Toward a prosperous future

Futurist Matthew Griffin, with the 311 Institute, has given us plenty of food for thought in 2021, whether it’s been his view of healthcare, retail, AI, or the metaverse. Looking ahead, he sees a lot of positive social change occurring on the back of technological innovation.

In 2022 we’ll see more of us working from anywhere as standard, companies openly discussing and investing in the health and mental wellbeing of their employees, the continued acceleration of digital transformation, and the embrace of immersive reality technologies and tools

Matt Griffin, Futurist, 311 Institute

“When we went into 2021, few people would have predicted it would end as it began, with the world still reeling, rather than recovering, from the global pandemic,” he said. “However, as we look toward a brighter 2022, my prediction is that we will see more of us working from anywhere as standard, companies openly discussing and investing in the health and mental wellbeing of their employees, the continued acceleration of digital transformation, and the embrace of immersive reality technologies and tools. And we will finally realize the first truly conversational AIs that let us talk and interact with the devices all around us.”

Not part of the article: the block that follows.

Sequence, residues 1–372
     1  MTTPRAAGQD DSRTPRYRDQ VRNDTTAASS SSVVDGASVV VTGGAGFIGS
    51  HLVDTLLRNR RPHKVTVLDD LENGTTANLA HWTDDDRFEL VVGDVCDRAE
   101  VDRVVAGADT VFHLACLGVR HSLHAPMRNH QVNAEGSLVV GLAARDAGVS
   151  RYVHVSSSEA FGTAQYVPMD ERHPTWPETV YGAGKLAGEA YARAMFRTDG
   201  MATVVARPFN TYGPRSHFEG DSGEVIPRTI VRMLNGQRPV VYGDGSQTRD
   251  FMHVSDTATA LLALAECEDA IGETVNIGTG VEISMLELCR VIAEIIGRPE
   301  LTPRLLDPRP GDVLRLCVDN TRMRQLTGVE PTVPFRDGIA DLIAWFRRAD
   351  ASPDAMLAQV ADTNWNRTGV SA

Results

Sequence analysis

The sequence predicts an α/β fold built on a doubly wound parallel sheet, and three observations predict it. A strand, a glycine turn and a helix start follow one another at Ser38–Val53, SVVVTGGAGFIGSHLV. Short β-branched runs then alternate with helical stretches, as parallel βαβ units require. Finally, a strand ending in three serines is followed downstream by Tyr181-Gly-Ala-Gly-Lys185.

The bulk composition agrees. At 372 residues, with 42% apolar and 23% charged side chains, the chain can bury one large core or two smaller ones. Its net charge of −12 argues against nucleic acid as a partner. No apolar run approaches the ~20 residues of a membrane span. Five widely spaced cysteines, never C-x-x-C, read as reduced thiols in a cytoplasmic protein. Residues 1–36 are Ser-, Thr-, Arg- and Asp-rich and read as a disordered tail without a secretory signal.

As we stride together into a new year of innovation, we’ll see whether the legendary American baseball player Yogi Berra had a point when he said, “It’s tough to make predictions, especially about the future.”

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Arm works with partners that challenge us to think in new ways. We offer a wide range of partnership opportunities, from device chip designs all the way to service providers to help manage these devices. With our ecosystem of thousands of partners, our customers can go to market faster with products that customers demand.